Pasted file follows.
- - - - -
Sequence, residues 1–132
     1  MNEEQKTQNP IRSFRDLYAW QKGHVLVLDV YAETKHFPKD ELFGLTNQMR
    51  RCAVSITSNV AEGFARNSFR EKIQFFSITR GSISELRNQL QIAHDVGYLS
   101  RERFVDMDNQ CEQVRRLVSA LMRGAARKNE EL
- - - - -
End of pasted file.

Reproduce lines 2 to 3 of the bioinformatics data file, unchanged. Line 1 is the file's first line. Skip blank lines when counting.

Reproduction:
     1  MNEEQKTQNP IRSFRDLYAW QKGHVLVLDV YAETKHFPKD ELFGLTNQMR
    51  RCAVSITSNV AEGFARNSFR EKIQFFSITR GSISELRNQL QIAHDVGYLS